Zondo commission visited Nomvula Mokonyane's home to verify Angelo Agrizzi claims
The state capture inquiry has heard evidence by a private contractor who did electrical work five years ago at the home of former environmental affairs minister Nomvula Mokonyane in Krugersdorp.
Charl le Roux's testimony on Monday follows evidence led by former Bosasa executive Angelo Agrizzi in 2019.
Agrizzi testified that while he was at Bosasa, a number of people were given monthly payments by Bosasa - and named Mokonyane as one of them. Agrizzi and another former Bosasa employee Richard le Roux testified that Bosasa installed CCTV cameras and other security equipment at the homes of certain people, including Mokonyane.
Commission chairperson deputy chief justice Raymond Zondo said the commission had asked Mokonyane to depose to an affidavit in response to the allegations.
“She co-operated and gave an affidavit giving her side of the story. My recollection is she denied that Bosasa had paid her any money as alleged by Mr Agrizzi. She said Mr Agrizzi had never been to her house. The commission continued to make investigations arising out of Ms Mokonyane's denial,” said Zondo.
Evidence leader Viwe Notshe SC said the commission and Mokonyane's legal representatives met, by agreement, at her home on Sunday.
“The purpose was to confirm features that were identified by and mentioned by Mr Le Roux in his statement that he saw when he went to do some repairs at Ms Mokonyane's house.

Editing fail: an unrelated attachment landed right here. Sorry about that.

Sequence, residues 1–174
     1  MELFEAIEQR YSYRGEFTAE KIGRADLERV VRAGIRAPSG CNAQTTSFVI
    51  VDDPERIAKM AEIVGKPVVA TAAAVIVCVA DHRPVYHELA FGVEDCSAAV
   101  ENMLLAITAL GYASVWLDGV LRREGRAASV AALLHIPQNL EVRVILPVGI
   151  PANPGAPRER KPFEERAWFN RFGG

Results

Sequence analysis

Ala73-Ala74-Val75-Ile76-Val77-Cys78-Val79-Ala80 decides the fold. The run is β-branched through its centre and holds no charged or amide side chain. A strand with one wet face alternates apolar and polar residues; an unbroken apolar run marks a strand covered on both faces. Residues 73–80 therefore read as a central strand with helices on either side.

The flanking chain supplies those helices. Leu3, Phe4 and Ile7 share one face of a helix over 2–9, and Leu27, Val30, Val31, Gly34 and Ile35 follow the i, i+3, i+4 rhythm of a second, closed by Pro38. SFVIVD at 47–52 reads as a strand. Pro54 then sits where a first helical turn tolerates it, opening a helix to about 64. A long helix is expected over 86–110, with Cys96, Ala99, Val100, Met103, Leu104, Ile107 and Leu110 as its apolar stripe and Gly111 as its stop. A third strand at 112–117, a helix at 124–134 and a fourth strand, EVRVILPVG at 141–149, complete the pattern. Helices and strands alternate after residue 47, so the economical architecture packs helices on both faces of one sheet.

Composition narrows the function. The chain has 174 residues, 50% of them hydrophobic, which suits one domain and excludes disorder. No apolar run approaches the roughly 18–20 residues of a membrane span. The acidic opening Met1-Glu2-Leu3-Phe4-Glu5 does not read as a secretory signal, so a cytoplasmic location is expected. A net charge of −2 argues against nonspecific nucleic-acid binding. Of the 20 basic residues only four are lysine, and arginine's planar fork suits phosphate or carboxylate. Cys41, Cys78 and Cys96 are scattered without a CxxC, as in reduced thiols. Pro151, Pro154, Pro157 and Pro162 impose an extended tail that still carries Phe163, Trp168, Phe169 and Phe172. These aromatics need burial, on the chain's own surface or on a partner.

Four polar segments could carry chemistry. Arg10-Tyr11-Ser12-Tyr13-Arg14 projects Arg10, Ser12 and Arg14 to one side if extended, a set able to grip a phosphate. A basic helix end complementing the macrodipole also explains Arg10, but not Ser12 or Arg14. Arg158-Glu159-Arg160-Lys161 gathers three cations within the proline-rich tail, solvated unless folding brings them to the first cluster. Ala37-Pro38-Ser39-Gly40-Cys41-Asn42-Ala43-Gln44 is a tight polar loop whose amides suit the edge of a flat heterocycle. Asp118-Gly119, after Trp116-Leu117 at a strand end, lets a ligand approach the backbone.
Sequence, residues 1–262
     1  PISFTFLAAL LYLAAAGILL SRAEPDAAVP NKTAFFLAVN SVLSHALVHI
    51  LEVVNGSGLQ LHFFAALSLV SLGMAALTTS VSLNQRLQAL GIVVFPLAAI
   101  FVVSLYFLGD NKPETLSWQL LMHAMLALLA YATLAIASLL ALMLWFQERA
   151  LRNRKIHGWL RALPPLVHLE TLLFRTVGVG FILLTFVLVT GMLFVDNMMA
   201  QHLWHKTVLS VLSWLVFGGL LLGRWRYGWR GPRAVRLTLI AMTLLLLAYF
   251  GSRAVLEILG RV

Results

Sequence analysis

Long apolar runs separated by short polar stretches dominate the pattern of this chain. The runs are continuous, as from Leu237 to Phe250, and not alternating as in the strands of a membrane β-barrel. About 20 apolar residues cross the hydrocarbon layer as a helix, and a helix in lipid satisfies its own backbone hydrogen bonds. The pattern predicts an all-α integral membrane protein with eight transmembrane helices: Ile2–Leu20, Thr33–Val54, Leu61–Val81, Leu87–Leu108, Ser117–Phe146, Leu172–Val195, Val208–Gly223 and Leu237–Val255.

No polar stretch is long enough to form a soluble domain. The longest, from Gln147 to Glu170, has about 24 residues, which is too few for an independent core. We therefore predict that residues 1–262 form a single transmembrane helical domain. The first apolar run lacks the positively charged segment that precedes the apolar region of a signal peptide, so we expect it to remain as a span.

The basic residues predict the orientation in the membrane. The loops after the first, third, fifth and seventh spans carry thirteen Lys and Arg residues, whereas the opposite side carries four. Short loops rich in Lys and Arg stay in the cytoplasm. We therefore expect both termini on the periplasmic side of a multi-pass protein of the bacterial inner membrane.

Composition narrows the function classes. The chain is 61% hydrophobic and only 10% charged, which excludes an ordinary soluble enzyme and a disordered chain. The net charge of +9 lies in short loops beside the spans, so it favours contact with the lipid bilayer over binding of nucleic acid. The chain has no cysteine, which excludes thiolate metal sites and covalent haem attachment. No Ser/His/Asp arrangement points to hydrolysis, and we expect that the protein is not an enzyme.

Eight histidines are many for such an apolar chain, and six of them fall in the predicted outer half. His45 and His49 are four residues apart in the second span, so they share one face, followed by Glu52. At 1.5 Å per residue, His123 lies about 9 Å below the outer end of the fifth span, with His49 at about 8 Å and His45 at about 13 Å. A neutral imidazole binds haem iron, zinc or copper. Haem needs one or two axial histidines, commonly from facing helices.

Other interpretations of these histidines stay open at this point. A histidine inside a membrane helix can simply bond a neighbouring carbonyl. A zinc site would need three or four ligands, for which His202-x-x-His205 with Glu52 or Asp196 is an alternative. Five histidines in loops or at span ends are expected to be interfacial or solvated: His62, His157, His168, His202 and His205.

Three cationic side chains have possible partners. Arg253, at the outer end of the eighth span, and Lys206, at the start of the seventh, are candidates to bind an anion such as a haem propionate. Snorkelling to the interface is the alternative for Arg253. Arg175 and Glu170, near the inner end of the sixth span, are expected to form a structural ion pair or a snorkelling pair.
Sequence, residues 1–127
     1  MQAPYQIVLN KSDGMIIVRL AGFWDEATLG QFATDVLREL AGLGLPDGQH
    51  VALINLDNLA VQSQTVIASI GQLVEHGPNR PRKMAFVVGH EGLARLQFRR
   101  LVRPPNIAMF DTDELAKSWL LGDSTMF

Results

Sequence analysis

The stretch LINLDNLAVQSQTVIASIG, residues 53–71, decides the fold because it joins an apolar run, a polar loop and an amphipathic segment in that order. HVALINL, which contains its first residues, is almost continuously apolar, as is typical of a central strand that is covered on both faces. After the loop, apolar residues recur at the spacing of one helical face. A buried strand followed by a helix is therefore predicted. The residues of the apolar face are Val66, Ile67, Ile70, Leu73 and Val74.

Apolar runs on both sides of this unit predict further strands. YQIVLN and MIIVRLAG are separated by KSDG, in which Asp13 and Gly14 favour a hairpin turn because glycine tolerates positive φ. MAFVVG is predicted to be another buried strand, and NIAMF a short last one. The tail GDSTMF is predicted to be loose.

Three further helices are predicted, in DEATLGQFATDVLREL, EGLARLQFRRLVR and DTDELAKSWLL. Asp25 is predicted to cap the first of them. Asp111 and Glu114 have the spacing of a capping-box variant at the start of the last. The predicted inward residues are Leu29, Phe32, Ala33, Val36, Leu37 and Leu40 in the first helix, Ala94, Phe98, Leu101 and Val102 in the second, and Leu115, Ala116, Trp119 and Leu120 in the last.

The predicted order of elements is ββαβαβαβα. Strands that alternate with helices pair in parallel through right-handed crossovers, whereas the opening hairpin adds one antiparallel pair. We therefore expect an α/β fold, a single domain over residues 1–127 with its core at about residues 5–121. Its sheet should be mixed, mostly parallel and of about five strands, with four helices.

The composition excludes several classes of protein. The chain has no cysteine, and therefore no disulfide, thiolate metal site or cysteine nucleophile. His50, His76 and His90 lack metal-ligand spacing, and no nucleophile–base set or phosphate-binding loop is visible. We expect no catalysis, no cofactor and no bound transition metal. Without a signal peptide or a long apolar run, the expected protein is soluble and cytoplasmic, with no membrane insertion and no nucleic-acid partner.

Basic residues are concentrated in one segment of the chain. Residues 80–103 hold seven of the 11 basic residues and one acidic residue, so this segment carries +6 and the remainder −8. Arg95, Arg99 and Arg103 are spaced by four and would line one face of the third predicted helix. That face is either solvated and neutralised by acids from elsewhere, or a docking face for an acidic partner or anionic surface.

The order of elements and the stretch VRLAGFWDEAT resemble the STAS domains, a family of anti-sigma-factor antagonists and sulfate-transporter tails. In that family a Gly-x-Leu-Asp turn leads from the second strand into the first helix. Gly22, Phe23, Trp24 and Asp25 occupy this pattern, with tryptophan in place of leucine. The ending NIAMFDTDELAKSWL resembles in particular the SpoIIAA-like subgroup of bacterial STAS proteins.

“To see whether they are there. And at the end of the inspection, we then sat down and recorded what we had seen and pointed out by Mr Charl le Roux,” Notshe said.
Among the features Le Roux had identified at Mokonyane's house was a guard house to the left of the gate and an Aston Martin vehicle in one of the garages.
Le Roux was employed by Renier van Biljon, a qualified electrician whose company did work for Bosasa in 2014 and 2015, including jobs at Mokonyane's home.
In a statement read out on Monday by Notshe, Van Biljon, who how lives in New Zealand, mentioned some of the jobs done at Mokonyane's household.
They included replacing a distribution board for the swimming pool, repairs to the electric fence, a call out to repair the air-conditioning system and a repair to the backup power generator system.
In his testimony on Monday, Le Roux said he worked under Van Biljon and listed a number of jobs he did at the house such as replacing lights, fixing a water feature and repairing the backup power system installed by Van Biljon's team.
“When I worked there, I noticed there was an expensive car there. An Aston Martin. The car was in the middle garage. It was covered with a special car cover,” Le Roux said.
In his statement to the commission, Le Roux had said was car was black or dark blue. However, the car the teams saw on Sunday was white.
Notshe said there was an e-Natis registration, which would give clarity on the colour of the vehicle.
“With your leave, can I deal with that issue later,” Notshe asked Zondo.
The commission was also due to hear evidence by senior ANC MP Cedric Frolick but this was postponed due to ill health. Agrizzi had accused Frolick of allegedly being used by Bosasa, at a R40,000 monthly premium, to facilitate meetings between the company and various politicians.
The commission will resume its public hearings on Thursday.